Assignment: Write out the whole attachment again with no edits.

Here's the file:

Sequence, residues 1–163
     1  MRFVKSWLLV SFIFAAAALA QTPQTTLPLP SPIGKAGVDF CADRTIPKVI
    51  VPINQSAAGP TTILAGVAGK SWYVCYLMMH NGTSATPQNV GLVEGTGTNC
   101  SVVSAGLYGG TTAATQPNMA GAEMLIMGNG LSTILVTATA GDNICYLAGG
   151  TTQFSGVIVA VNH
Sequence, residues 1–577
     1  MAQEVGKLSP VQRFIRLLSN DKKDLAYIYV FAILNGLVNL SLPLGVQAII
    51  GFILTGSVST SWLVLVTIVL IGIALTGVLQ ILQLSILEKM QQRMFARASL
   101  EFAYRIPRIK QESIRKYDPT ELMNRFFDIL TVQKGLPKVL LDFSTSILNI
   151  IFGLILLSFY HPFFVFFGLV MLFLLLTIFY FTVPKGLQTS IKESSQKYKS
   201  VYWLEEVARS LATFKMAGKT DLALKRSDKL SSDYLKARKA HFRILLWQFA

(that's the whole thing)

Sequence, residues 1–163
     1  MRFVKSWLLV SFIFAAAALA QTPQTTLPLP SPIGKAGVDF CADRTIPKVI
    51  VPINQSAAGP TTILAGVAGK SWYVCYLMMH NGTSATPQNV GLVEGTGTNC
   101  SVVSAGLYGG TTAATQPNMA GAEMLIMGNG LSTILVTATA GDNICYLAGG
   151  TTQFSGVIVA VNH
Sequence, residues 1–577
     1  MAQEVGKLSP VQRFIRLLSN DKKDLAYIYV FAILNGLVNL SLPLGVQAII
    51  GFILTGSVST SWLVLVTIVL IGIALTGVLQ ILQLSILEKM QQRMFARASL
   101  EFAYRIPRIK QESIRKYDPT ELMNRFFDIL TVQKGLPKVL LDFSTSILNI
   151  IFGLILLSFY HPFFVFFGLV MLFLLLTIFY FTVPKGLQTS IKESSQKYKS
   201  VYWLEEVARS LATFKMAGKT DLALKRSDKL SSDYLKARKA HFRILLWQFA